News: Owen – Wisconsin Central Soo Line RR Impact (1909 - 1910)

Transcriber: Stan

Surnames: None

----Source: Marshfield News


OWEN — The atmosphere of busy railroad construction prevailed between Owen and Spencer in 1909-1910 when the Wisconsin Central Line (Soo Line) built the Spencer-Owen cutoff involving about 19 miles of construction.
The project was L move to provide a shorter and easier route to Duluth and St. Paul by shortening the overall distance from Chicago by nine miles.

In 1910 when the Spencer- Owen cutoff opened a new gate to the north and west, Owen inherited the railroad's division headquarters previously located at Abbotsford.
Before construction of the Spencer-Owen cutoff, Abbotsford was the railroad's number two division point north of Chicago, and the last before reaching St. Paul.

Once established, Abbotsford held sway for nine years as an important division point and j railroad junction. The main line continued west from

 Abbotsford j through Curtiss to St. Paul, and it was at Abbotsford that the Ashland division joined the main line.
All trains changed engine crews at Abbotsford. Time freights and locals alike took time out there to be switched and reassembled in directional order. Only the site, the main line passenger trains, escaped the confines of Abbotsford.
When the railroad completed the Spencer-Owen cutoff it put an end to Abbotsford’s major usefulness as a rail center. Twelve miles of old main line between Abbotsford and Owen, via Curtiss, were torn up, and Spencer became the terminal of the Ashland division, while Abbotsford rated the courtesy of a station stop only.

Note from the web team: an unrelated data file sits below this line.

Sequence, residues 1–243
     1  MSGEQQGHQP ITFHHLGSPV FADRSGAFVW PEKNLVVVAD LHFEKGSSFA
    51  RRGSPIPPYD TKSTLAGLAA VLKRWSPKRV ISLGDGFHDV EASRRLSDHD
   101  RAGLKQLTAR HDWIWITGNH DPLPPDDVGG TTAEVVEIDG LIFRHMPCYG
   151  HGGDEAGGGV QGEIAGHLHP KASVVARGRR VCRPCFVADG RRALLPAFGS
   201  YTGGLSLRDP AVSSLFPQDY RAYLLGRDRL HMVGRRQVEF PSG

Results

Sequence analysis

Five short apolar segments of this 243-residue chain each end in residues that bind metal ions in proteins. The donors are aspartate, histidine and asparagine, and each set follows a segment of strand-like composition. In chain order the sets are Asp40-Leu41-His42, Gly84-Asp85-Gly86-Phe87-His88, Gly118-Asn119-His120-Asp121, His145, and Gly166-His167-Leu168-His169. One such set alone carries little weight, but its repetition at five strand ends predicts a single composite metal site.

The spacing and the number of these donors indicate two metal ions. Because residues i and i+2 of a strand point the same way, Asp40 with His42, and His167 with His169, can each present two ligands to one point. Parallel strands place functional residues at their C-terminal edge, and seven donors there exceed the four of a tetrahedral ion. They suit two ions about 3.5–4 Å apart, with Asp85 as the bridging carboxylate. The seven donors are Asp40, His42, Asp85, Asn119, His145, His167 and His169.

Construction of the Greenwood-Loyal branch from Marshfield in 1891 was the first attempt of the Wisconsin Central Line to whittle down some of the excess mileage on its main line.

At that time, of the three competing lines between St. Paul and Chicago, the Wisconsin Central covered 460 miles, the Chicago Milwaukee and St. Paul 410 miles, and the Chicago and North Western 360 miles The passenger trains of the three lines operated on about the same time schedules, but with the longest mileage, the Central was compelled to run at higher speeds and use every advantage to overcome the handicap.

A right-of-way cutoff was projected from Marshfield through Loyal and Greenwood to Bateman, 5 miles east of Chippewa Falls to reduce the distance between Chicago and St. Paul by 15 miles. Ground was broken at Greenwood and in July of 1891 the section between Greenwood and Marshfield was completed.

Before the project could be completed from Greenwood to Chippewa Falls, the financial depression of 1892 hit the Central and totally obscured the short line vision. The main line cutoff never matured beyond Greenwood, and the 224 mile section between Marshfield and Greenwood fell heir to the name of the Greenwood branch.

Memories of a day that is no longer on the Soo Line were recalled a few years ago when the Spencer roundhouse, built in 1911, when the steam locomotives really were something, was dismantled.

It was the time when the last of the Soo Line's locomotives were moving to Chicago where the once proud giants of the road were reduced to scrap.

From then on the day was left to the diesel, powerful, efficient and somehow with th e personality that had lured thousands of person to the tracks to watch when the steamers went bv, the drivers nothing but a blur of motion.


[Newspaper Clip]



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